Travel and visas – Tajikistan

Visas

Unless you are a CIS national, you will almost certainly need a visa to enter Tajikistan. The Ministry of Foreign Affairs now offers an electronic visa for tourists that can be processed online through a special website. The process usually takes up to five business days, requires a scanned copy of your passport (with at least six months’ validity remaining) and costs US$50, plus an additional US$20 if you wish to visit the GBAO.

As of 1 March 2020, you can now apply for an e-visa with multiple entries, which is ideal if you’re planning a wider trip through central Asia and need to enter Tajikistan more than once.

Getting there and away

However you choose to travel, Tajikistan is not a particularly easy country to reach. Land borders open and close somewhat erratically, flights are irregular at the best of times and cancelled at the first sign of bad weather, and wherever you arrive from by train you’ll require a passport full of visas and the patience of a saint.

By air

The vast majority of visitors arrive in Tajikistan on a flight to Dushanbe and this is, on balance, the easiest way to travel. Unless there are extenuating circumstances, you will need to have a visa before boarding the plane and may be prevented from flying if you do not.

Direct flights to Tajikistan tend to come only from the Middle East, Russia and the other CIS countries, although national carrier Somon Air is starting to open up new routes, including a new direct flight to New Delhi. It is likely, therefore, that if you take a flight originating in Europe or the USA you will need to get a connection in one of the regional hubs (Almaty, Istanbul or Moscow).

The safety record of many of central Asia’s airlines is such that they are prevented from flying in European airspace, although Somon Air does serve a number of more localised routes, including to Moscow and Istanbul.

By train

There is a certain romance attached to train travel, and if you have the time to sit and watch the world pass by at a leisurely pace (very leisurely in the case of the old Soviet rail network), it is still a viable way to reach Tajikistan. Regardless of where the train originates, you will need to ensure you have a valid transit visa for every country en route, as well as a visa for Tajikistan.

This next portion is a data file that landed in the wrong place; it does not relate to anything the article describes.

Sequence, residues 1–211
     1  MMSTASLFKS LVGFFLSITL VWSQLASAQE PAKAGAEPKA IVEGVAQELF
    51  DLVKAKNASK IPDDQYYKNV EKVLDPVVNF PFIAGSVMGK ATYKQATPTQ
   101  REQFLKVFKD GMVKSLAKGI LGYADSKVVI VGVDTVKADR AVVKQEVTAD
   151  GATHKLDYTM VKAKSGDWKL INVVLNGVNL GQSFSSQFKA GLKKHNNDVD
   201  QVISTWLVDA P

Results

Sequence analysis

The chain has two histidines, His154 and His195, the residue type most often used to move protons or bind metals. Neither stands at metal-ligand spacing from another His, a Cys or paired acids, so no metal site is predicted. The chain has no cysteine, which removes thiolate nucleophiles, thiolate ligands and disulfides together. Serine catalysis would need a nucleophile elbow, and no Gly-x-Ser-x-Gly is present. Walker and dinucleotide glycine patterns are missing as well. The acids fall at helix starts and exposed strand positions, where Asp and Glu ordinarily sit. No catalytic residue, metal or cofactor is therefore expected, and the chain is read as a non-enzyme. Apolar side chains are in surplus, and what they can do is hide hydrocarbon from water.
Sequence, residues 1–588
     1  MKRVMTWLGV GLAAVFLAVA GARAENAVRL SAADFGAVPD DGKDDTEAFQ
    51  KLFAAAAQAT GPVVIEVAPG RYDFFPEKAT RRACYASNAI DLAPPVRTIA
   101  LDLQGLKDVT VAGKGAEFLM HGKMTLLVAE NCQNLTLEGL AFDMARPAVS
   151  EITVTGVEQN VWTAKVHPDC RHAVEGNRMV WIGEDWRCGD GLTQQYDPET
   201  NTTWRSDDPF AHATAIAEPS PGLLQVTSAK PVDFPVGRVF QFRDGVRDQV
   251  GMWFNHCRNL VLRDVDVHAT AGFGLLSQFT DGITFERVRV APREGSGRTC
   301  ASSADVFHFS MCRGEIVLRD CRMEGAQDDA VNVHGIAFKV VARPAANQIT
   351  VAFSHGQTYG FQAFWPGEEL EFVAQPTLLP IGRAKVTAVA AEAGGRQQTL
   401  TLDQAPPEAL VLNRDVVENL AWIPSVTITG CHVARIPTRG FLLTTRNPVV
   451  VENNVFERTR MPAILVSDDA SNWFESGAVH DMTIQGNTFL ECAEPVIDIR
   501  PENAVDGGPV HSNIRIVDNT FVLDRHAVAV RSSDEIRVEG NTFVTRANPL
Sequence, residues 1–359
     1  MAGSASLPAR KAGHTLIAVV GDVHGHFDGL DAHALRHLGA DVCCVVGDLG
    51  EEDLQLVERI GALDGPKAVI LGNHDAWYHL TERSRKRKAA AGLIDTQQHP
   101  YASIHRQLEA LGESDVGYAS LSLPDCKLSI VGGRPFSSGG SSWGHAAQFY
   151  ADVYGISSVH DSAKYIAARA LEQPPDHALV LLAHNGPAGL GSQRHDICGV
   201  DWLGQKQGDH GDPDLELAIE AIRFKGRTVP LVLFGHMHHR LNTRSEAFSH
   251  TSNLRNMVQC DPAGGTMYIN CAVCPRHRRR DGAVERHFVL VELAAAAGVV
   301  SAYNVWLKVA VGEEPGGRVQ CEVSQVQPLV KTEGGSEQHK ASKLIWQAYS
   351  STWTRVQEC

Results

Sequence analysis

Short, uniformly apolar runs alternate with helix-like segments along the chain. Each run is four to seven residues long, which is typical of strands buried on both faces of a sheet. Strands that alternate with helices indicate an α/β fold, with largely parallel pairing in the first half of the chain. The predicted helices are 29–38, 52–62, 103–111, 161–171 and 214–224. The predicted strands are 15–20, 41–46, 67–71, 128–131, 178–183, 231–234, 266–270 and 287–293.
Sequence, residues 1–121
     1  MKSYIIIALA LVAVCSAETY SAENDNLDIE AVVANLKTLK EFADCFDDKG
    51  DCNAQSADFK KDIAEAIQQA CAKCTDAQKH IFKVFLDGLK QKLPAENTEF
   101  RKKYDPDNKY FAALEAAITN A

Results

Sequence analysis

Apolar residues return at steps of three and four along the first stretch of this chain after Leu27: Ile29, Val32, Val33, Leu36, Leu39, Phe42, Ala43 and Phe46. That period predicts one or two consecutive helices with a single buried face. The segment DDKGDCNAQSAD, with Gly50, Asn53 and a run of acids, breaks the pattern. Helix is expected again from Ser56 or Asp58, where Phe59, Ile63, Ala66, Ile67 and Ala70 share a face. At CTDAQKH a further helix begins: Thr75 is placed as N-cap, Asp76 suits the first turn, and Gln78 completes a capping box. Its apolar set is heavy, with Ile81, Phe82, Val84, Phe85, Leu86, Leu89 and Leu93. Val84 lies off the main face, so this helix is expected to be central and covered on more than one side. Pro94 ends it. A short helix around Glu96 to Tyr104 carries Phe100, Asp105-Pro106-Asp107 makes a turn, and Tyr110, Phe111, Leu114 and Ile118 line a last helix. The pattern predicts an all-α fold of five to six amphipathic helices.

Ticket classes are categorised in the Russian style. First-class or deluxe accommodation (spets vagon) buys you an upholstered seat in a two-berth cabin. The seat turns into a bed at night. Second class (kupe) is slightly less plush, and there are four passengers to a compartment. Third class (platskartny) has open bunks (ie: not in a compartment) and, if you are really on a very tight budget indeed, a fourth-class ticket (obshchiy) gets you an unreserved and very hard seat. Bring plenty of food for the journey, and keep an eye on your luggage, particularly at night, as theft is sadly commonplace.

There are three main train routes to Tajikistan. There are two trains a week in each direction between Moscow and Dushanbe, a weekly service between Moscow and Khujand, and a twice-weekly service between Samara (Saratov) and Khujand. All these services pass through Tashkent; the Dushanbe train also passes through Samarkand. Tickets to Moscow (second class) start from just over US$145 and the trip takes four days.

The train timetable for the whole Russian rail network (including central Asia) is online at www.poezda.net. The Man in Seat 61 also has detailed information, including personal observations, about train travel in the former USSR.

By road

Our preferred way to enter Tajikistan is through a land border, not because customs and immigration make it a particularly easy or pleasant experience, but because of the freedom having your own transport gives you once you finally make it inside.

Kalaikhum Tajikistan by Kalpak Travel
Having your own vehicle gives you the ultimate freedom to travel where you want, and we would thoroughly recommend it © Kalpak Travel, www.kalpak-travel.com

Border crossings open and close regularly, often with little warning, and some crossings are open only to locals and not to foreigners. Keep your ear to the ground and, if in doubt, contact a tour operator or Tajik consulate before confirming your travel plans. We have previously ignored our own advice, with the result that we had to drive overnight from Panjakent to the Oybek crossing north of Khujand to leave Tajikistan before our visas expired. We would not recommend you follow suit. 

Booking.com